How to get Step Daughters to like you


#1

I hope someone can help me with this. I have been married for five years and I have had disrespect from day one with the stepdaughters. I did not think this would happen since they are 30 and 33 years of age. I would ask my husband to talk to them about it and he would not. He told me that I was too quiet, not social and basically told me all of my faults because that’s what his daughters pointed out. They would put me down all the time. My husband said in his family they would yell at each other and then it would be over. I was just too quiet. One day I lost it and raised my voice when I was put down. Well, now I’m the worst person on this earth. I apologized for raising my voice. His daughter called me, and I thought she was going to accept my apology. She screamed at me and said that I did not apologize the right way. I wrote her a letter and explained that putting me down all the time hurt my feelings and I was sorry for raising my voice. Anyway, I had a nervous breakdown after that. She said that, she would not apologize to me because that would make her a bad person. My husband and his daughters are catholic. I have just turned Catholic. This is just a strange family to me. Is this the way most stepdaughters feel. They say I could never be anything to them. I thought we were supposed to be a family. Their mother died while they were in their teens. I really wanted to be there for them and was so surprised to find they didn’t want anything to do with me except to take care of their dad. They also disowned all their relatives on their mom’s side of the family. They have no relatives on the father’s side. I just don’t understand it.


#2

I personally feel that you should give an apology this time, don’t talk about their faults (I can see from your post though that they have been illogical and discriminating), just tell them what you are sorry for, don’t raise your voice.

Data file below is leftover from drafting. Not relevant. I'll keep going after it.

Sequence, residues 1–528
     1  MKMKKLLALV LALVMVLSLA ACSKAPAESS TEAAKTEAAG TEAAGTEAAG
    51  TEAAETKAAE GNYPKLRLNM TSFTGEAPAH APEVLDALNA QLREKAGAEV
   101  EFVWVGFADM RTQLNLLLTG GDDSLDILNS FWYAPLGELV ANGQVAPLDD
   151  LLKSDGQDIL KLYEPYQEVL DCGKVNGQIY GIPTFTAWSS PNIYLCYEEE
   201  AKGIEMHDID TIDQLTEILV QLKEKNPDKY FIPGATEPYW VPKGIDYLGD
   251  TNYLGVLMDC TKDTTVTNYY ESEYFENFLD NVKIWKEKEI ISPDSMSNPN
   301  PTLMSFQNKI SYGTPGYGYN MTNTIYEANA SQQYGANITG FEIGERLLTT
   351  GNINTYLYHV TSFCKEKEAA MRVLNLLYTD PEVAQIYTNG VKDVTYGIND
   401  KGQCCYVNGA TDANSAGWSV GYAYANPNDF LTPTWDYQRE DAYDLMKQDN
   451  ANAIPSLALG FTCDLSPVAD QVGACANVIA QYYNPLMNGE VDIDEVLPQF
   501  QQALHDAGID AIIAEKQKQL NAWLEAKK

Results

Offer a sincere friendship. See what happens. If they don’t accept it, leave it at that, eventually they may around, be willing to accept it then.

It’s quite clear that they are the cause of this, even if you raised your voice it’s because of what they did. Even so, this kind gesture will attempt to put aside everything.

Cheers


#3

I am sorry for your situation. It really seems as if you also have a problem in your marriage based on what you said. I will pray for you and your husband this must be so hard.

How to get someone to like you? Be kind, be polite, be Christ-like. Also, you may need to accept the fact that you will never be close to these women, this is painful but perhaps, true.

There are people in my life that I wish I was close to but I am not. I have had to learn (with God’s grace) to be content with a very cold but at least cordial relationship. We talk about the weather, we chat at Christmas and have polite small talk. This is how it is and I have to let it be. I may never be close with these family members, I may never have the heart-to-heart chats that I dream of. I have to learn to walk away when they get personal or rude. It is hard.

Pray for them, pray for your husband. I wish I had more to offer you, this situation sounds very complicated. God bless.


#4

I wish I could say you should all try sitting down together to hash it out… I think your DH has to step in and make things better. What is the reason for their behavior? I would say he needs to get things straightened out. You should not tolerate any verbal abuse. I don’t get it, either. They’re adults and should have their own lives at this point.


#5